What does a scientist do? A scientist observes, explains, predicts, and publishes. Scientists ultimately observe nature. The fundamental insight that nature's laws are universal, allows a scientist to simplify complex nature into simpler experiments. To qualify as scientific, the experiments and observations have to be reproducible by other interested scientists.
The scientist then employs a scientific theory to explain the observations. Such theories tend to be mathematical laws that combine a set of parameters that describe nature's state to the observed quantities.
From all the models that might explain an observations, a scientist chooses the most parsimonious model. In many cases, a scientist has to choose among several computational models. Quantum versus Newtonian mechanics, pixel versus graphical object parameterization, or L1 versus L2 norm are classic cases of competing mathematical models. Additionally, practical considerations, such as computational cost and implementation time, may influence a scientist's choice.
A scientific theory is usually used in two ways: forward and backwards. Most of the time actually both ways, simultaneously. To test a scientific theory, a scientist predicts an experiment's observation from the experimentally controlled state of the system of interest. If the best fitting predicted data of a mathematical model does not fit the observed data, then the scientist needs to find an improved theory. Such a replacement usually involves a better approximation of the underlying physics (an acoustic wave equation is replaced by an elastic one, or quantum effects are taken into account). Interestingly the improved models usually extend the traditional ones. The traditional models are not wrong but remain useful approximations of the improved theory in the traditional cases.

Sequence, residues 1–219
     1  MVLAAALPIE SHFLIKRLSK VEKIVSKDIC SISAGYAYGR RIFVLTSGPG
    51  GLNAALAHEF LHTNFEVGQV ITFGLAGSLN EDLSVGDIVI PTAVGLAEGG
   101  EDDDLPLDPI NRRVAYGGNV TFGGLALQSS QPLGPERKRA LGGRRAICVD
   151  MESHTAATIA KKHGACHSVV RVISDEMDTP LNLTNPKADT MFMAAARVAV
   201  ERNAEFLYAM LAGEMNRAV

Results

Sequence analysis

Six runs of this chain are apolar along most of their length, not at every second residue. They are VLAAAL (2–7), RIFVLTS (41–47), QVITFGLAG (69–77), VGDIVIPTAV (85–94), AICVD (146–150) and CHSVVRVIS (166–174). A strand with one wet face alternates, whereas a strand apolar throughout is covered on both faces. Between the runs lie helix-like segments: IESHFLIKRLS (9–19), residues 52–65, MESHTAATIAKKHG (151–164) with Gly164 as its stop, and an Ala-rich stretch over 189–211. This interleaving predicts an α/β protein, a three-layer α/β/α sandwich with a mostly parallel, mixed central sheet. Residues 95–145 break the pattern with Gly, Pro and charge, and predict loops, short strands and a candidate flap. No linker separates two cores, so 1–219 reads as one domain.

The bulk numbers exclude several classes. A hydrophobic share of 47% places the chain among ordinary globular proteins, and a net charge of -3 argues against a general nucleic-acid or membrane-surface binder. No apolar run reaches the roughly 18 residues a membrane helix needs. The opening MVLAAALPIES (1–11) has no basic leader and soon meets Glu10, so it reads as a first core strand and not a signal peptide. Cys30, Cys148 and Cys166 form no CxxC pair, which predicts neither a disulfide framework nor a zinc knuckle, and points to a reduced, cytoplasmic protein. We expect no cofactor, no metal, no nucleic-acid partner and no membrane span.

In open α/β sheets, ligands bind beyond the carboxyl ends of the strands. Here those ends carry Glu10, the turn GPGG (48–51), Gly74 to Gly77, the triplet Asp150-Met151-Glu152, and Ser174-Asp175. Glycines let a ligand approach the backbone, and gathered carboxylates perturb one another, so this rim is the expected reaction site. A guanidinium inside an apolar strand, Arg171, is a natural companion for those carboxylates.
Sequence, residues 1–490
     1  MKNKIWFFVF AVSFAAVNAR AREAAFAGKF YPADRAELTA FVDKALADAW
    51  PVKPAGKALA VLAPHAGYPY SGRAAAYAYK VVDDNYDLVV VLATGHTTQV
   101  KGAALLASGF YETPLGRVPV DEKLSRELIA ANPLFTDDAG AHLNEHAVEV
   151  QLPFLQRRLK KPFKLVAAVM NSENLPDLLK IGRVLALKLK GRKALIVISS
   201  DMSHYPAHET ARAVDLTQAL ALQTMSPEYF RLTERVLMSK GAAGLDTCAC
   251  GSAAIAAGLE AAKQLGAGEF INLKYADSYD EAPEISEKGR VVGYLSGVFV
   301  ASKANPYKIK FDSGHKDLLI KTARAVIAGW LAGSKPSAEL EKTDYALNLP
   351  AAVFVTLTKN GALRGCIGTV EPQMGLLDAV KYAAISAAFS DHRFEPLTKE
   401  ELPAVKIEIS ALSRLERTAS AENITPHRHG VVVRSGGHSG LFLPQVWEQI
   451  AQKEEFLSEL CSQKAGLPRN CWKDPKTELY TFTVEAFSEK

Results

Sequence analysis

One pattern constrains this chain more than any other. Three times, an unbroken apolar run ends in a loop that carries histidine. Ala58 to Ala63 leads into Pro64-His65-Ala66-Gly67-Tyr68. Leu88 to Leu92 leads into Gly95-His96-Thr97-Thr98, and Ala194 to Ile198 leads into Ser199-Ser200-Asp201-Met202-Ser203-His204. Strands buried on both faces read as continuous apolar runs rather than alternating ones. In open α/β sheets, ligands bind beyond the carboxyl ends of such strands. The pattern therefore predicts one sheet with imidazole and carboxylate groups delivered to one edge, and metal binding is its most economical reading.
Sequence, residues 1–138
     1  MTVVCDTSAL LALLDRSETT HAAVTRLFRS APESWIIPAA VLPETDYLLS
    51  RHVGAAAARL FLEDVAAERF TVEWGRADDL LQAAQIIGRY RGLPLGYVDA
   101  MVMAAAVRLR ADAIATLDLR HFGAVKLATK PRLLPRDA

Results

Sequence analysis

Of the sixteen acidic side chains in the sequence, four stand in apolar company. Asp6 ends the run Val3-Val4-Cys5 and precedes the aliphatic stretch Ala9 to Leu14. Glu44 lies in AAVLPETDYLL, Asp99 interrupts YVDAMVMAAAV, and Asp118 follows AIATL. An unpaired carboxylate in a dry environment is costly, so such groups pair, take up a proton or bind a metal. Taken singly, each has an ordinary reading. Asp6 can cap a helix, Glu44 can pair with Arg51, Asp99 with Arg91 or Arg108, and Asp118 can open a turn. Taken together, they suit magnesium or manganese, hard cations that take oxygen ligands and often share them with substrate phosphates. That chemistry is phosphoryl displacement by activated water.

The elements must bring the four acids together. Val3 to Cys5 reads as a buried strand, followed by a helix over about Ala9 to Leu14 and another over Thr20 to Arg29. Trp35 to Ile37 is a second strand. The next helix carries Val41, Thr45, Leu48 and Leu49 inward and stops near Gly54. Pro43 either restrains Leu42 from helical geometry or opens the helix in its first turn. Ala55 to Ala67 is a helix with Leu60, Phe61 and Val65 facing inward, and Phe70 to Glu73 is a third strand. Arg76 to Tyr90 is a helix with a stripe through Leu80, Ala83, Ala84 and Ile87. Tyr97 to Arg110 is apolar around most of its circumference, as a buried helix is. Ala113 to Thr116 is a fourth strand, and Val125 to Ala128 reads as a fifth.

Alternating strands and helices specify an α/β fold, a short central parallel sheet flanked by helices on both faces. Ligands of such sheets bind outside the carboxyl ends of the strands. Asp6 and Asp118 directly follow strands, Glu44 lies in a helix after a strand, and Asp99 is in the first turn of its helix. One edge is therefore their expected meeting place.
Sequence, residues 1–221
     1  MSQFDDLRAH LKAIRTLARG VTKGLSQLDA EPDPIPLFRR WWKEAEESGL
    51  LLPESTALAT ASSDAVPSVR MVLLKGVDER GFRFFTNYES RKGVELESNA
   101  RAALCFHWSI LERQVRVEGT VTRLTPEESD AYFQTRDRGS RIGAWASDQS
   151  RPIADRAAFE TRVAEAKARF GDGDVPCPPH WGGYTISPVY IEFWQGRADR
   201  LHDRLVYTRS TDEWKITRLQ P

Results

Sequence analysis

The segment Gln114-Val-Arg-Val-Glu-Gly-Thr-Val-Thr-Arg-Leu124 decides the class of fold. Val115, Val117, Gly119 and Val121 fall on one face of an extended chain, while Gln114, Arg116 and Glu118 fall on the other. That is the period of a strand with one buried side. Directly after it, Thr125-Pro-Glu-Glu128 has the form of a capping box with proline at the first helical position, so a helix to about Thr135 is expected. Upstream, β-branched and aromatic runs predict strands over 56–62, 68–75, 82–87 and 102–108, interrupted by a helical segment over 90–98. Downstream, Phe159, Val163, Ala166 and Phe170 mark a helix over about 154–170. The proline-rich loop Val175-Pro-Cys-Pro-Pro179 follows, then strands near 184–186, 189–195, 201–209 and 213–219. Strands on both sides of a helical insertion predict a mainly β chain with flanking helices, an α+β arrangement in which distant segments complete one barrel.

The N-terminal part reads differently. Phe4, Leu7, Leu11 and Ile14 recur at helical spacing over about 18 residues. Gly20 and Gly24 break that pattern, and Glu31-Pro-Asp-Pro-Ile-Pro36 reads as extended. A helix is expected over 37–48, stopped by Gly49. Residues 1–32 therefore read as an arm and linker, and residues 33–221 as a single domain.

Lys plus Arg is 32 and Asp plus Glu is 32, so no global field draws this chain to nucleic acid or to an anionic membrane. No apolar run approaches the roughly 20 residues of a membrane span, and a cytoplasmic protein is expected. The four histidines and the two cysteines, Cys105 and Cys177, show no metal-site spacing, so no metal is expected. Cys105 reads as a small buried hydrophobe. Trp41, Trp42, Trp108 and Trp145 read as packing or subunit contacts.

Observations and a scientific model of nature can also be used to deduce the state of nature under observation. Once a scientist decides on a computational model numerical analysis devises methods to approximate the optimal estimate of the model parameters from the given observations. Interestingly, the forward simulation is usually simpler than its inversion: a case of scrambling of information or, for the more metaphysically inclined, an application of the second law of thermo dynamics.
Furthermore, a computational model suggests an experiment that resolves parameters of the model optimally.
Seismic. In general, I believe inversion continues to be a fruitful source of innovation in geophysics. Inversion theory distinguishes model formulations. Inversion theory guides the design of optimal acquisition geometry. Finally, inversion leads to an optimal approximation of model parameters. I expect succesfull traditional processing approaches to reappear as individual approximative steps of corresponding inversion formulations.